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4CPS-195 Pharmacist interventions: the success of an antimicrobial stewardship team
  1. H Duarte1,
  2. G Costa2,
  3. S Azevedo3,
  4. V Andreozzi3,
  5. J Felix4,
  6. M Coelho5,
  7. A Alcobia2
  1. 1Garcia Orta Hospital, Pharmacy, Almada, Portugal
  2. 2Hospital Garcia de Orta, Pharmacy, Almada, Portugal
  3. 3Exigo Consultores, Statistics Department, Lisboa, Portugal
  4. 4Exigo Consultores, Statistics, Lisboa, Portugal
  5. 5Hospital Garcia de Orta, Antimicrobial Stewardship Team, Almada, Portugal


Background Pharmacist involvement in antibiotic stewardship helps to ensure compliance with the standards set by the National Health Service. Collection and evaluation of antimicrobial utilisation data are important for assessing the impact of antibiotic stewardship intervention in hospitals.

Purpose Reduce number of inappropriate prescriptions, duration of antibiotic therapy and, therefore, decrease the antimicrobial resistance.

Material and methods Prospective study in a single centre. The antibiotics prescriptions between June 2015 and February 2017 were screened by a pharmacist who checked all prescriptions and sent to the antimicrobial stewardship physicians the ones without approval of therapeutic protocols or analytical results. Statistical analysis was performed using R Studio 3.5.1 (5% significance level).

Results We identified 1242 patients with mean (SD) age of 67.9 (16.6) years and 54.5% males, resulting in 1027 prescriptions of carbapenems (67.2%) and 502 prescriptions of quinolones (32.8%). The most common site of infection was the urinary tract, accounting for 28% of prescriptions. According to the prescribed therapeutic intervention, 261 (17%) were empirical prescriptions, 518 (33.9%) inappropriate prescribing, 489 (31.9%) documented and 258 (16.8%) were according to the protocol approved by the institution. The physician’s acceptance of pharmacy interventions was 52.5%. The mean treatment duration varied according to type of prescription: 9 days for documented prescription; 8.1 days for empirical prescriptions; 6.3 days for prescriptions according to protocol; and 5.5 days for inappropriate prescriptions (p=0.0001). The interventions reduced the mean duration of therapy: 5.5 days for prescriptions with intervention and 7.6 days for the ones without (p<0.0001). It was found that in 652 prescriptions with microbial isolates, 369 were multidrug-resistant microorganisms (24.1%). Patients who were discharged early with antibiotics for ambulatory care (21.7%) had lower mean duration of treatment (5.8 days) and a lower proportion of multidrug-resistant strains (42.5%) than patients who were discharged without antibiotics (56.6%; 7.7 days and 62.9%) or patients who died (14.6%; 7.1 days; 52.2%) (p=0.0001).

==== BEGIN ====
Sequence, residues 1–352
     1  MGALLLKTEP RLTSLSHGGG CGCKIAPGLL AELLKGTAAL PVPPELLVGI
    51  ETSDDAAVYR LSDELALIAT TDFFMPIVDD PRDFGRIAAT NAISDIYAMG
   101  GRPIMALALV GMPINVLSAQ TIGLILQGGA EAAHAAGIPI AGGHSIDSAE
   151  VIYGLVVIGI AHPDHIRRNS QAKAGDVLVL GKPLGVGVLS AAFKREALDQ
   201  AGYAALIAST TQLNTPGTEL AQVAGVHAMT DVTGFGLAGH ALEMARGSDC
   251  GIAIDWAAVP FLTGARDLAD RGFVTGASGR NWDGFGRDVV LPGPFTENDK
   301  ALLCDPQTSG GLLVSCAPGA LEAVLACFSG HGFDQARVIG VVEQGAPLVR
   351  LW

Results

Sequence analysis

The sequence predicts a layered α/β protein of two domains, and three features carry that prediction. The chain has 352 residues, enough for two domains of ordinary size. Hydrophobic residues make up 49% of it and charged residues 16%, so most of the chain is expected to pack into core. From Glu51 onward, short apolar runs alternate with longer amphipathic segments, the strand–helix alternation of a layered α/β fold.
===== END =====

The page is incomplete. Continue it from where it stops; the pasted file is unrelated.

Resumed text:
Conclusion Pharmacy-driven interventions could be a strategy for decreasing costs with human resources associated with antimicrobial stewardship due to the effective screening of antibiotics prescriptions. Investment in the surveillance results in early hospital discharge with a shorter length of antibiotic treatment with a consequent decreasing of multidrug-resistant strains.

References and/or acknowledgements Exigo Consultores.

No conflict of interest.

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